Sergeant Pepper had done a good job: The pop music that followed in 1968 ignited a firework of new styles and genres, the effects of which can still be felt today. All this unfolded against the background of enormous political and social upheavals. The peaceful utopias that had made the hippies the leading force of the younger generation in the previous year seemed to have worn off and overtaken each other in a very short time. A look back at a musical year that became a symbol.
Let's start the tour through this truly turbulent year with a man who was the focus of the English music press in the autumn of 1968 like few others. His story is exemplary of the process of change which - in addition to actors from film, literature and the fine arts - young pop musicians are increasingly experiencing. In February Graham Nash turned 26 years old, and he has long since become a man made. Six years earlier he founded the Hollies with his schoolmate Allan Clarke, and since their debut hit "Just One Look" (1964) they have been staying on the Beletage of the British beat boom.
Nash is more than just the group's singer and rhythm guitarist, since the influential Beatles albums "Rubber Soul" and "Revolver" and the groundbreaking works of Bob Dylan he pushes the pop quintet in a more demanding direction, wants to make it sustainable and realize his own artistic ambitions. Increasingly, however, he encounters resistance, especially in the form of EMI house producer Ron Richards, who does not want to deviate from the formula for success that brought in hits such as "Bus Stop", "On A Carousel" and "Carrie Anne". The band, simple guys from the North English workers' metropolis Manchester, also sees little reason for a change of course - after all, the rouble is rolling, the mostly female fans are carrying their idols on their hands, and even in the USA, the largest pop market in the world, things are going well.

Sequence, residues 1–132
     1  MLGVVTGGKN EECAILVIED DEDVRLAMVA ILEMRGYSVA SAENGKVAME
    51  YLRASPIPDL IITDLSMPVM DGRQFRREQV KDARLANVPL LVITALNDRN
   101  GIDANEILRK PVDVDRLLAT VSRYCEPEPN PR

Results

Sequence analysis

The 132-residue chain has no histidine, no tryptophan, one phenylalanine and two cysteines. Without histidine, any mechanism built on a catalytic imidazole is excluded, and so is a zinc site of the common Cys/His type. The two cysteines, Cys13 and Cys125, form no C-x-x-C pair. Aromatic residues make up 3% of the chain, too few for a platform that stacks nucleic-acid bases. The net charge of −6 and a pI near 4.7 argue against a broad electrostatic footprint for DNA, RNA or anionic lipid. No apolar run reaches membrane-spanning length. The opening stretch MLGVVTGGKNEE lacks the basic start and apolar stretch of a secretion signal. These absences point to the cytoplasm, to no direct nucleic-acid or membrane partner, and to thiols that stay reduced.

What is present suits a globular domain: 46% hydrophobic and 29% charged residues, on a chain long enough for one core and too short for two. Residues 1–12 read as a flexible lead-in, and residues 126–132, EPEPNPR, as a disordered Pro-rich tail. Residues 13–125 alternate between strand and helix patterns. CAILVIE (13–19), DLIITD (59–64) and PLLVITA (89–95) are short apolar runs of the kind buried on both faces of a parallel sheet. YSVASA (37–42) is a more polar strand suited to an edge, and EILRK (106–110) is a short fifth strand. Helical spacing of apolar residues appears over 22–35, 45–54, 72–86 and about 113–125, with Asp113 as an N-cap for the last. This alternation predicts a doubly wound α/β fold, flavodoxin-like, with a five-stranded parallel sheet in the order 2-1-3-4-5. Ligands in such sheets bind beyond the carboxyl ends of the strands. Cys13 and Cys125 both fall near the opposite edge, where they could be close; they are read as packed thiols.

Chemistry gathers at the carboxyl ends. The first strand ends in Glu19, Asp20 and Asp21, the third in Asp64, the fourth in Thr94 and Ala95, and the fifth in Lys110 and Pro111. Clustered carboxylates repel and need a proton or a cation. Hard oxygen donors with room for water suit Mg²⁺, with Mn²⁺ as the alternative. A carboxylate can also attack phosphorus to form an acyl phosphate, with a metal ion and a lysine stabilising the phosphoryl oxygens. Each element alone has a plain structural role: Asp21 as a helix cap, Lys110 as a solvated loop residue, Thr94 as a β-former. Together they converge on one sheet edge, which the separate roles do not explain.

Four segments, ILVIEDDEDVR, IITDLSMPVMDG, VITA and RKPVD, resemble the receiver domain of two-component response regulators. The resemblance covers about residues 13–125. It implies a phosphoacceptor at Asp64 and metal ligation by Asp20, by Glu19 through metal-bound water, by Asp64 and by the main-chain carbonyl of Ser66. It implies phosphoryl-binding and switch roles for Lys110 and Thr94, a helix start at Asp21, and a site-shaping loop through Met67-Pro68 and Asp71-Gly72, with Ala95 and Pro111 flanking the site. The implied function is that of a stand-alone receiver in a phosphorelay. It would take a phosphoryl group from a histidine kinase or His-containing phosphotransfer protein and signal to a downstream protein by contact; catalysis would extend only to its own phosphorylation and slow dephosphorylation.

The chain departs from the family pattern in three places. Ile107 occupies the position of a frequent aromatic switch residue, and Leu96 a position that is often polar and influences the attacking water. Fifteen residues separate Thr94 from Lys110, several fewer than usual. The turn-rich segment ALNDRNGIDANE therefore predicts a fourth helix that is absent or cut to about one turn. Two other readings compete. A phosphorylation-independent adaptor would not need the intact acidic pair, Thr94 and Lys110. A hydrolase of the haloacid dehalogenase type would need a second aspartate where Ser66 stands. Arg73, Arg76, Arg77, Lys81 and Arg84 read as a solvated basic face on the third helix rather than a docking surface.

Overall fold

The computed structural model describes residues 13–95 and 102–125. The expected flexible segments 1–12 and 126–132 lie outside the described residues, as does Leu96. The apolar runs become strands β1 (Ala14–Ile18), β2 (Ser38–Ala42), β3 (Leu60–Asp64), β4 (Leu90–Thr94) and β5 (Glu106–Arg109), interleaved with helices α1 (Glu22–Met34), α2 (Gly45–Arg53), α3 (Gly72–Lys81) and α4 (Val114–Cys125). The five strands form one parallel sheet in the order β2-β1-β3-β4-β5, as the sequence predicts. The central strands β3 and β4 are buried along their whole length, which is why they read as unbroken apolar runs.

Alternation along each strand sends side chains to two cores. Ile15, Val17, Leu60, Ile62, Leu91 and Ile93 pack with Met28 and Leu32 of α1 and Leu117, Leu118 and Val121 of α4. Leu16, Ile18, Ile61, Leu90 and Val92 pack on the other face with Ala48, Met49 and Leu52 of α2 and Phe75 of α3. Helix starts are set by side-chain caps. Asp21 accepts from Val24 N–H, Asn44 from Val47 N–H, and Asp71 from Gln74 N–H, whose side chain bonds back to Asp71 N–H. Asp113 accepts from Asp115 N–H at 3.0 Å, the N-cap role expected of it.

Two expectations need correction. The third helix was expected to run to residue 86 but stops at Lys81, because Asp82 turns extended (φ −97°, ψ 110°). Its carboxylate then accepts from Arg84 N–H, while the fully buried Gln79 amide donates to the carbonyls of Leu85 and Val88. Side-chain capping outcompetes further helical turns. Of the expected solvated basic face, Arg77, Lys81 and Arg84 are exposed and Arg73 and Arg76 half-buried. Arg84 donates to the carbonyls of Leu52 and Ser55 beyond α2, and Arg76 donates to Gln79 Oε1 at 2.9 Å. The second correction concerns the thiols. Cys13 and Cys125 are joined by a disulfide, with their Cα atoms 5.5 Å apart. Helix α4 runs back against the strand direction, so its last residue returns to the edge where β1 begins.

A magic moment in Laurel Canyon
What the Hollies and their producer don't suspect, but Graham Nash: They are on the verge of exceeding their sell-by date and losing the connection. Away from the teenage market, where the single is the measure of all things, an adult and discerning audience has emerged. A completely new market with different rules of the game has been established, and high expectations are placed on music there. Technically brilliant pop, as the Hollies do, is only in demand with girls, but the more mature underground audience can no longer be found in simple boy-meets-girl lyrics and wants more than candy-coloured choruses, namely experimental spirit, complexity and substantial contents.
In August 1968 Nash travels to Los Angeles. He visits the still largely unknown Joni Mitchell in her house in Laurel Canyon. With consequences: From now on they are a couple. And on the first evening Nash meets Byrds refugee David Crosby and Stephen Stills, whose band Buffalo Springfield has just blessed time in Mitchell's house. They sing him a new song, "You Don't Have To Cry". After a while Nash improvises another voice to the harmony songs of the two Americans - the three of them experience a great moment. In his autobiography "Wild Tales" Nash writes: "We were all three harmony freaks and came from bands that had all refined two-partism to art: the Hollies, Buffalo Springfield and the Byrds. But the sound we had just created was different, so fresh. We had never heard anything like it before. Like the Everly Brothers, but even better - and yet the principle was so simple: an acoustic guitar and three men. David and Stephen were stunned."
In the next few weeks Nash leaves his band, his wife and England behind and moves to Los Angeles, much to the annoyance of the Hollies, their fans and the local music press. Not only has he found a new artistic home, he has also taken a step that has transformed him from a musician with a glorious past into an artist with an even more glorious future. For the birth of Crosby, Stills & Nash, as described above, several developments that characterize the pop year 1968 are condensed: California will soon become the new hotspot of the scene. Pop becomes rock. And it has long understood itself as a sophisticated art form that consciously confronts the political noise of battles and the smoking scenes that make 1968 go down in history as the year of revolt.